By Andrew Both
CHARLOTTE, North Carolina (Reuters) - Anirban Lahiri took the clubhouse lead as Rory McIroy recovered from a poor start and a case of the hooks to haul his way back into a reasonable position in the Wells Fargo Championship first round on Thursday.
Lahiri reeled off six birdies for a six-under-par 66 in cool morning conditions to set the early pace at Quail Hollow.
The Indian headed Australian John Senden and New Zealander Tim Wilkinson by two strokes with half the field back in the clubhouse.
Defending champion McIlroy, a day after celebrating his 27th birthday, plunged to four over after playing the more difficult back nine first, but he improved on the inward half to card a one-over 73.
Lahiri, in his first full season on the PGA Tour, was delighted to complete a clean round.
"Anytime you have a bogey-free card, it's fantastic," he said, adding that a good round was long overdue.
"I feel like my game's gotten better every week I've played. The standards that I've set for myself, I've played mediocre or average golf the last few months. I definitely feel like I should be competing more consistently.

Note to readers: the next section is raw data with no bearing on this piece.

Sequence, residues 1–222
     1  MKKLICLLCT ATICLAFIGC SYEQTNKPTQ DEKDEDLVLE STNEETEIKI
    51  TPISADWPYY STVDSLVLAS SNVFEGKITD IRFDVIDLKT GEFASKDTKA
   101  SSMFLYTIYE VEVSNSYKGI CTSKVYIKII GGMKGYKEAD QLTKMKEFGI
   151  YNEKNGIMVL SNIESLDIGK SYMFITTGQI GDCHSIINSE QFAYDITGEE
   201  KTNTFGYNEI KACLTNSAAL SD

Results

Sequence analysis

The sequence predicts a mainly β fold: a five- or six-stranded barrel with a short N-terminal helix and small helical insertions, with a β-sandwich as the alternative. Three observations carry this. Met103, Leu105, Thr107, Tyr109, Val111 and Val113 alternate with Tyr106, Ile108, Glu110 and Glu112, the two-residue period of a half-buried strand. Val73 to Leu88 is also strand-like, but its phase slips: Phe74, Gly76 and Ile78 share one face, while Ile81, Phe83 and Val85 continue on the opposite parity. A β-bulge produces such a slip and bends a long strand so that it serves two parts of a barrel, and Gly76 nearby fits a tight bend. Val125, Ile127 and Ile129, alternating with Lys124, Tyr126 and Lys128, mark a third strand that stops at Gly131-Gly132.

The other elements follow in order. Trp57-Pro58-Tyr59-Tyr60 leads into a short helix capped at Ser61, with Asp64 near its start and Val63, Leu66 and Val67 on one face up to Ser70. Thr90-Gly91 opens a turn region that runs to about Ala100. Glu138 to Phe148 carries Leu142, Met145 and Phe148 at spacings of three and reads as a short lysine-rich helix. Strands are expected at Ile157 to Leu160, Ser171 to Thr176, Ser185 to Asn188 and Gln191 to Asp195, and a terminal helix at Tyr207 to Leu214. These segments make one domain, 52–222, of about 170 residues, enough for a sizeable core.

"The stuff my coach and I worked on after the Masters, when I took a couple of weeks off, it's beginning to come together."
Lahiri, ranked 55th in the world, is the top-ranked Indian and the only player likely to represent his country at the Rio Olympics in August.
While several players from other countries have opted out of the Olympics, Lahiri is enthused about the prospect of competing in Rio de Janeiro.
"I think the Olympics is a huge stage for India in terms of golf," he said.
McIlroy, meanwhile, hit a series of poor tee shots before finally finding his groove late in the round.
"It sort of was a tale of two nines," the Northern Irishman said. "I've been working a lot on the range and I was still in range mode on the front nine. I didn't have my scoring head on.
"I was thinking (too much) about my golf swing and got caught up in that. I need a (bit more) work on the range, because I had a lot of misses left."
McIlroy and the other members of his group, American Rickie Fowler and Japan's Hideki Matsuyama, had a bizarre experience on the sixth hole when a member of the gallery threw a golf ball onto the tee.
"Yeah, it was sort of weird," McIlroy said. "That's never really happened to me before.
"It was a golf ball with an ear plug stuck on it, so it was sort of strange. Charlotte's finest (police officers) sorted it out and got him off the property, thankfully."
(Editing by Mark Lamport-Stokes)